Quintina Valero

Photographer
     
Caravan of Mother - Mexico Migration
Location: Madrid
Nationality: Spanish
Biography: Quintina Valero is an award-winning photojournalist currently based in Spain. After a career in finance, in 2001 she moved to London (UK) to study photojournalism at the University of the Arts. Since then, Quintina has worked as a press... MORE
Public Story
Caravan of Mother - Mexico Migration
Copyright Quintina Valero 2023
Updated Nov 2020
Location Mexico
Topics Activism, Borders, Children, Civil Rights, Corruption, Crime, Discrimination, Documentary, Editorial, Emotion, Family, Gangs, Hope, Human Rights, Illegal Trafficking, Immigration, Latin America, Love, Mexico, Migration, Missing people, Motherhood, Motherse, NGO, Parenting & Family, Photography, Photojournalism, Politics, Poverty, Prison, Protests, Relationships, Teens, Violence, Women, Womens Rights

Caravan of hope is the story of a group of mothers from Central America united by grief and anxiety. They travel together across Mexico in a desperate search for their missing children who was never heard from again.


Poverty and violence forced these missing people to leave their home in Central America heading to the EEUU for a better life. Many experienced extortion, torture and kidnapping risking their lives in their journey - thousands of them never in fact made it to the US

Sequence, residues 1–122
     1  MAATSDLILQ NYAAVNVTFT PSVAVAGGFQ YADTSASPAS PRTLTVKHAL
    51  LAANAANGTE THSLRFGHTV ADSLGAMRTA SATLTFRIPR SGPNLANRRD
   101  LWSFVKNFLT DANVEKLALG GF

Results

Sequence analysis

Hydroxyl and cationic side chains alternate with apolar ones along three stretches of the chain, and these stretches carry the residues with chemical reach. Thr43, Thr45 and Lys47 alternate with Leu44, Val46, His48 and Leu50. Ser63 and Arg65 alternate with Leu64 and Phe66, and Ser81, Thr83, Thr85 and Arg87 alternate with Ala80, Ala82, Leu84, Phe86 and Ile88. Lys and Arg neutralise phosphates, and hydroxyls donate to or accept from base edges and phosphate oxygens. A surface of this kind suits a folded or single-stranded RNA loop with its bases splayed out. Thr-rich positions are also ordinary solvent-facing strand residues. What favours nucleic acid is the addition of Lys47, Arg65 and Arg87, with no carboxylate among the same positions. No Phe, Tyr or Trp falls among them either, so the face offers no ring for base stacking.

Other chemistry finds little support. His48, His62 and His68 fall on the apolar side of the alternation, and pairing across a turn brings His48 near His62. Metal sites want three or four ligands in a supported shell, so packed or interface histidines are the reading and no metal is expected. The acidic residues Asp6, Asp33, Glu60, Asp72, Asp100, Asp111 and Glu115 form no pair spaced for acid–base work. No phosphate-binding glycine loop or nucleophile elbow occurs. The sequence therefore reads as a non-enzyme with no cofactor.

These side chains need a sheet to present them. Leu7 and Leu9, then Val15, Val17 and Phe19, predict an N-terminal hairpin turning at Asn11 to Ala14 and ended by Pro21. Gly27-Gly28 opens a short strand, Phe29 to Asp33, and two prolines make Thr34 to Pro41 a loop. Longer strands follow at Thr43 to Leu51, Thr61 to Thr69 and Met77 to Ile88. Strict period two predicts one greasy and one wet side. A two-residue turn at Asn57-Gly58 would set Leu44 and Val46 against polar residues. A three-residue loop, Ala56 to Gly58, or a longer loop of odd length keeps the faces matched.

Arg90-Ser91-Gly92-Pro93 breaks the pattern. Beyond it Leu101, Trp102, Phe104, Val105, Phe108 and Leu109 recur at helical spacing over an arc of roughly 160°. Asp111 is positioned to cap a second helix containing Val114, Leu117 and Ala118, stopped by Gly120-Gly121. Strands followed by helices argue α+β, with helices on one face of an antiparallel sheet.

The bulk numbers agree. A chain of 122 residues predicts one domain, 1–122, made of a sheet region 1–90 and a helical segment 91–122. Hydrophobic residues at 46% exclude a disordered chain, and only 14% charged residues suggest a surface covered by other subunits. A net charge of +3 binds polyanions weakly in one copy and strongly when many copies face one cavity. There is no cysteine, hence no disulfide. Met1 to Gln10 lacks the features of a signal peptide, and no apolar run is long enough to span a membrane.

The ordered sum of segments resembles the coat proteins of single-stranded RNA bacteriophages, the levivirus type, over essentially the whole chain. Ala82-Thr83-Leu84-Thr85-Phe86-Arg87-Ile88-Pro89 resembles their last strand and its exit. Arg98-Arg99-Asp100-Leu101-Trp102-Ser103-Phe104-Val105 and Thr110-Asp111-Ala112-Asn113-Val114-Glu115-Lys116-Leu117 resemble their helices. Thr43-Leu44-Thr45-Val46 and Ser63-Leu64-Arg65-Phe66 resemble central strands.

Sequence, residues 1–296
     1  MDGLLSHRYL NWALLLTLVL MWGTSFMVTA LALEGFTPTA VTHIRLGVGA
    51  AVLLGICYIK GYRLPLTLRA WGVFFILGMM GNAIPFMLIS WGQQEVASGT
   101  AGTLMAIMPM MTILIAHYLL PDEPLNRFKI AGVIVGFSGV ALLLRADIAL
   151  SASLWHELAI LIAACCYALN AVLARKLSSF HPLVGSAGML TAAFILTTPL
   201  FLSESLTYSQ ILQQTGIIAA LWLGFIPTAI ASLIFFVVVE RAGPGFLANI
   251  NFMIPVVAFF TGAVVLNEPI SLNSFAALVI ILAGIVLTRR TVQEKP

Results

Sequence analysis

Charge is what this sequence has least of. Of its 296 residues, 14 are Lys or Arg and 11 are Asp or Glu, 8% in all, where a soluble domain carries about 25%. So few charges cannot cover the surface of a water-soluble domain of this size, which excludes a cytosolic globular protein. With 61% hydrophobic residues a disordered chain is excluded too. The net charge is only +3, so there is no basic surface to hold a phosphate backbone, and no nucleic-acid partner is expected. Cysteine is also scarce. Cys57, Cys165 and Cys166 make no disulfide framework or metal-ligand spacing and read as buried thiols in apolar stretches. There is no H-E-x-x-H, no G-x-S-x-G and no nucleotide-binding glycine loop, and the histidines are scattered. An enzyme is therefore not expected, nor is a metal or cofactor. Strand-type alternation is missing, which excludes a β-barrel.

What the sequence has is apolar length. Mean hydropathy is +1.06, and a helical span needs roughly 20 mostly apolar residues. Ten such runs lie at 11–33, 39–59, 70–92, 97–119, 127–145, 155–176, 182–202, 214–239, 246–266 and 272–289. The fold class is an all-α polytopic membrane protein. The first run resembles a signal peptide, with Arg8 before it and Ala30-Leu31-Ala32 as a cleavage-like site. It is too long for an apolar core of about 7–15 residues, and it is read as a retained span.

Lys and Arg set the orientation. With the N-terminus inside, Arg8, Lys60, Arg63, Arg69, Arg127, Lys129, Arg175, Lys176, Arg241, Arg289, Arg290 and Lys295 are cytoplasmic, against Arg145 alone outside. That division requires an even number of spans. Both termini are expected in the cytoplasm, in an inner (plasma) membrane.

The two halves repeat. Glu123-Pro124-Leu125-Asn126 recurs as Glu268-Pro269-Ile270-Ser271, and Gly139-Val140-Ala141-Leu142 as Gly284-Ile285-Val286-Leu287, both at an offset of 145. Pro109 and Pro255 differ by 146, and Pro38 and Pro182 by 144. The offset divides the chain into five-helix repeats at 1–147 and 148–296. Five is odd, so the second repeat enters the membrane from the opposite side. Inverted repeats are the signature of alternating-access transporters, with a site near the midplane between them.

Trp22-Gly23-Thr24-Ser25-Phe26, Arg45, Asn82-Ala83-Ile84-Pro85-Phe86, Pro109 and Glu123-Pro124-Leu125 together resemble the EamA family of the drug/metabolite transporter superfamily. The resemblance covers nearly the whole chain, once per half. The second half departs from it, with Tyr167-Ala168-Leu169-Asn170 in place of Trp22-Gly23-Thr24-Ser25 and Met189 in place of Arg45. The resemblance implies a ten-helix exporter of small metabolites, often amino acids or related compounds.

According to a report by The UN Refugee Agency (UNHCR), more than 500,000 migrants arrive in Mexico every year coming mainly from Honduras, El Salvador and Guatemala. As America and Mexico tighten their borders, migrants face more detentions and imprisonment by the Mexican authorities. Many also face kidnapping, torture and even death at the hands of Mexiconotorious narcotic gangs, The Zetas. Between 70,000 and 100,000 migrants have gone missing since 2006.


The caravan is organised by the Mesoamerican Migrant Movement (MMM) which helps the mothers of missing migrants to find information. Sometimes it is also successful at reuniting them with their families. In the last thirteen years they have found 277 migrants who were still alive. They have challenged the Mexican Government about its unwillingness to protect migrants and its responsibility to investigate those who disappeared or were murdered.


In December 2017 I embedded myself inside the caravan for two weeks, witnessing the tragedy and joy of the women and their bonding during their time on the road. 


The mothers pin up photographs of missing migrants in the main squares across Mexico. They also visit prisons and brothels in the hope that somebody might recognise their loved ones. Women and young children are much more vulnerable to sexual assault and human trafficking. 


Sometimes found relatives do not wish to be reconnected with their family because they are ashamed of their past or embarrassed that they havent been able to send money home.  These cases are the most tragic because the families must come to the terms that a beloved son or daughter is alive but donwish to see them again.


The psychological trauma caused by loss and separation is a very different to that of bereavement. Many of the mothers and relatives spend their lives searching for answers.


Through the caravan women feel empowered and transform their grief and pain into hope and strength. The become fighters.


The search for missing children continues.

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